As representatives of 68 countries participating in the global coalition to defeat the Islamic State (ISIS, ISIL, Daesh) meet in Washington, a number of plans will be on the table, and even more will be debated informally on the sidelines. As allied forces anticipate the liberation of Mosul, attention is increasingly focused on the next phase, both in Iraq and in Syria.
My American Enterprise Institute colleague Fred Kagan and his wife and frequent collaborator, the Institute for the Study of War’s Kim Kagan, recently unveiled a plan in the Wall Street Journal calling on the United States to create a Sunni Arab force along the Syria-Iraq border. That force would take on the Islamic State in Syria while building enough on-the-ground credibility to then negotiate a favorable post-conflict deal. They wrote:
The second major flaw in America’s strategy against ISIS, which is Sunni, is Washington’s reliance on non-Sunni and non-Arab partners. That amplifies the terror group’s message. In Iraq the U.S. works with the Shiite-dominated government, whose past persecution of Sunni Arabs fueled ISIS’s rise. Meanwhile, America’s Kurdish partners in both Iraq and Syria are pursuing an independent Kurdistan, a political goal that is unacceptable to most Arabs.
The U.S. has no meaningful presence among the Sunni Arab tribes in Iraq and Syria that ISIS, al Qaeda and others are vying to control. This appears to confirm al Qaeda’s claim that it is the only effective armed force dedicated to protecting Sunni populations from a combined assault by all the world’s powers. That message may win out if Washington does not rapidly change its approach… The key is finding new Sunni partners and taking the fight to new terrain, specifically, southeastern Syria, where ISIS leaders have refuge. American military forces will be necessary. But the U.S. can recruit new Sunni Arab partners by fighting alongside them in their land. The goal in the beginning must be against ISIS because it controls the last areas in Syria where the U.S. can reasonably hope to find Sunni allies not yet under the influence of al-Qaeda. But the aim after evicting ISIS must be to raise a Sunni Arab army that can ultimately defeat al-Qaeda and help negotiate a settlement to the war.
Kagan and Kagan are correct to castigate the ambivalence and acquiescence of the Obama administration to Iran’s role in Iraq and Syria. But, let’s be clear: Creating a sectarian, Sunni Arab militia is wrong.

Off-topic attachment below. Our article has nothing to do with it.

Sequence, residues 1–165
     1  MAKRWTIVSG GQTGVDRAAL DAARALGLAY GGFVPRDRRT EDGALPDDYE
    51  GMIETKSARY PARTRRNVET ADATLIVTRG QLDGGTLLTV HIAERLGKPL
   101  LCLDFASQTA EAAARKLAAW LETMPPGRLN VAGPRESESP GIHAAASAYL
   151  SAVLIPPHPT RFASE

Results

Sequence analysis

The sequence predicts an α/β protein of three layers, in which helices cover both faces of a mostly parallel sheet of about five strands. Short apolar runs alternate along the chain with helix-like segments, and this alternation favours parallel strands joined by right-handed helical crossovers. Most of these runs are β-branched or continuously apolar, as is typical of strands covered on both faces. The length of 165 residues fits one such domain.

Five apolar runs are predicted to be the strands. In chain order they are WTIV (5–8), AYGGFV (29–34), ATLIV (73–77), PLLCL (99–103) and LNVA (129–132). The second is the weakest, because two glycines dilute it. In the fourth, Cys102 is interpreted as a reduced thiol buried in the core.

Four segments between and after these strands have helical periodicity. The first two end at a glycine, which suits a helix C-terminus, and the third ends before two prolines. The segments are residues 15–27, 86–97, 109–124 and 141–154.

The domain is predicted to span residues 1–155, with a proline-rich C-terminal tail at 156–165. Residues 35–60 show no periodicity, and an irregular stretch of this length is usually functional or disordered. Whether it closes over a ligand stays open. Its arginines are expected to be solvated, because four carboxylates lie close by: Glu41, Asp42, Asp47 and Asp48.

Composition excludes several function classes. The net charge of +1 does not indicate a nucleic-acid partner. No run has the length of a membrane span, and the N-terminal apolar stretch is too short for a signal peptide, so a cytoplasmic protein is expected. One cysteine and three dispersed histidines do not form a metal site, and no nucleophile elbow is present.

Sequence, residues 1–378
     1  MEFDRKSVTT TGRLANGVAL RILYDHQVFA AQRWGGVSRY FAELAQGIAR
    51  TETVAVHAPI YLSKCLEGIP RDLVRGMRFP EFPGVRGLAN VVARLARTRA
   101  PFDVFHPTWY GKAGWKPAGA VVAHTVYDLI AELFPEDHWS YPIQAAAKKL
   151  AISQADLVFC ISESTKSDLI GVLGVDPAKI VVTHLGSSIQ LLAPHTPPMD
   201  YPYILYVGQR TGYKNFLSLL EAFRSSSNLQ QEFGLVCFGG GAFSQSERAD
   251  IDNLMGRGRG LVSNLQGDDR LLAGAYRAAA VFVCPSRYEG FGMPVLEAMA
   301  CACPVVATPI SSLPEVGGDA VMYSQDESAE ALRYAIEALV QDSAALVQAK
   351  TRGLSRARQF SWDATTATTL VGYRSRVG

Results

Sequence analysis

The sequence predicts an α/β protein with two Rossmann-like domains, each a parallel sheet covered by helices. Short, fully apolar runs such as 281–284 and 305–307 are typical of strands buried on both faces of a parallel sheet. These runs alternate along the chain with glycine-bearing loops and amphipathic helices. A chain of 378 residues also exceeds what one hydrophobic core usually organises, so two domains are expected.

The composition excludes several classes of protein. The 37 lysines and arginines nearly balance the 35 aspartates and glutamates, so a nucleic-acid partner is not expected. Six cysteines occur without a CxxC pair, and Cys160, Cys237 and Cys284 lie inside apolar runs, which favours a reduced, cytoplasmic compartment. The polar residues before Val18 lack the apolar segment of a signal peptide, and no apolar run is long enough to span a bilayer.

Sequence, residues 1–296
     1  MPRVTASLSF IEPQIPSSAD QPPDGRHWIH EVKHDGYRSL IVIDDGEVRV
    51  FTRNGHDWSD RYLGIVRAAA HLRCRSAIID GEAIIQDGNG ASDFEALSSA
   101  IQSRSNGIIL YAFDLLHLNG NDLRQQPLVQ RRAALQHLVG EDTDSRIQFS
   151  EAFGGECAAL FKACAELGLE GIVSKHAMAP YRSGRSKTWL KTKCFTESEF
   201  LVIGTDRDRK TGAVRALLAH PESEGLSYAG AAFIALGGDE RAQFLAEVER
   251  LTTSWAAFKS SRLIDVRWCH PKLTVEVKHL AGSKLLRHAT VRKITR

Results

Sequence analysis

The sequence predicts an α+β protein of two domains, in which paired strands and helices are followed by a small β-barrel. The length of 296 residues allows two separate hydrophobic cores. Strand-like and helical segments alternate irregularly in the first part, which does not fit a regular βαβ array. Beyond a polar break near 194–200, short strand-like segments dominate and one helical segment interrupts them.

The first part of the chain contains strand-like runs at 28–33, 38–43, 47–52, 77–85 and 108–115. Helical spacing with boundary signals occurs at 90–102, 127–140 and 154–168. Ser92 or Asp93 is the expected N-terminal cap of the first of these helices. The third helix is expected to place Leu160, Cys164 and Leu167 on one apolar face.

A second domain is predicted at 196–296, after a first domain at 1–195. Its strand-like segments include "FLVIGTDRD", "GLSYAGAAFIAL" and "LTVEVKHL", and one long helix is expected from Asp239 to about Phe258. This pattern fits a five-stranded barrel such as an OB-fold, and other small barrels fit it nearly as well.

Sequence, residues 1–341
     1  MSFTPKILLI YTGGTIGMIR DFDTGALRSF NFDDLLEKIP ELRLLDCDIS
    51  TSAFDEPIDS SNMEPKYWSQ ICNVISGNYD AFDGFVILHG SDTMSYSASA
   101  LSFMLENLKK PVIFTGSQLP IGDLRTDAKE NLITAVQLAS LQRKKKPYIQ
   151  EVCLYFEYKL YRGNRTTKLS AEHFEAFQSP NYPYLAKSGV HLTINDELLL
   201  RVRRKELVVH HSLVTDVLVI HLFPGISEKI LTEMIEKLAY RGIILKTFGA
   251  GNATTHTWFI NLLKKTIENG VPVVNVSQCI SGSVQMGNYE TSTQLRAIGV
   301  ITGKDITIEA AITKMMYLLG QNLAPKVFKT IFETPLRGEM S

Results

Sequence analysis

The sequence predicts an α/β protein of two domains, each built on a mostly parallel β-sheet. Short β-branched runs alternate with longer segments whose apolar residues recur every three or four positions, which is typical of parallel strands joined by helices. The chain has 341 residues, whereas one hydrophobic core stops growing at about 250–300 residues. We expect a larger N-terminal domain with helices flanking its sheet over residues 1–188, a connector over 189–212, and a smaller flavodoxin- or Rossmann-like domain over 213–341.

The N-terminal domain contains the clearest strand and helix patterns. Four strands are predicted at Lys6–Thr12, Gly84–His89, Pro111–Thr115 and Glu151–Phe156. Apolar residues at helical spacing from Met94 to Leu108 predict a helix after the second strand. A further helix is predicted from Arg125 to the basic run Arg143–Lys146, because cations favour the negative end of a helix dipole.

Firstly, it ignores the poor U.S. track record of training armies and militias. Consider the $25 billion training program, sponsored by the Pentagon, for the Iraqi military and Kurdish peshmerga: The fall of Mosul and the rapid disintegration of the U.S.-trained Iraqi forces showed it to be an expensive failure, one that would have been a career killer for a general less media-savvy than David Petraeus. The subsequent effort to train Syrian rebels to take on the Islamic State proved no better.
Secondly, it substitutes a cartoonish image of the Popular Mobilization Units (Hashd al-Shaabi) for reality. While the Hashd al-Shaabi are often described as Shi’ite militias, they are actually far more diverse and have become an umbrella organization in which Christians and Sunnis also fight. Indeed, that diversity rather than reinforcing sectarianism should be the goal. There is a problem with Iranian influence among some of the Hashd al-Shaabi groups, but it is important not to throw the baby out with the bathwater and instead address the Iranian problem head-on.
The problem with the Kagans’ proposal, at least as it relates to Iraq, is that it would simultaneously reinforce Iranian propaganda by depicting themselves as the only savior of the Shi’ites while encouraging the Iraqi Sunnis continue to refuse the political compromises. The bombs detonating in Baghdad—both before and after the rise of the Islamic State—were not perpetrated by Shi’ite militias but rather by Sunni sectarian rejectionists.
Nor is it easy simply to will responsible Sunni Arab leadership into existence. Petraeus tried and ended up simply fueling more insurgency as he empowered former Baathists who pretended to support the United States right up until the money ran out.
The situation is no better in Syria. The Syrian Kurds—perhaps the most effective fighting force against both the Islamic State and al-Qaeda—have no desire to hand back the territory they have won at tremendous cost in blood. It is naïve to believe that the creation of a new ethnic and sectarian force would curtail rather than fuel further conflict.
There is no magic formula for Iraqi governance, but the Iraqis have built institutions which work for Iraq. The Hashd al-Shaabi may not be ideal but, alongside the Iraqi army, they are a structure more durable than what Petraeus and others earlier tried to create. To bring stability to Iraq, it is essential to encourage their further integration into a force that represents Iraq’s ethnic and sectarian diversity and to weed out those who place foreign loyalties above Iraqi nationalism.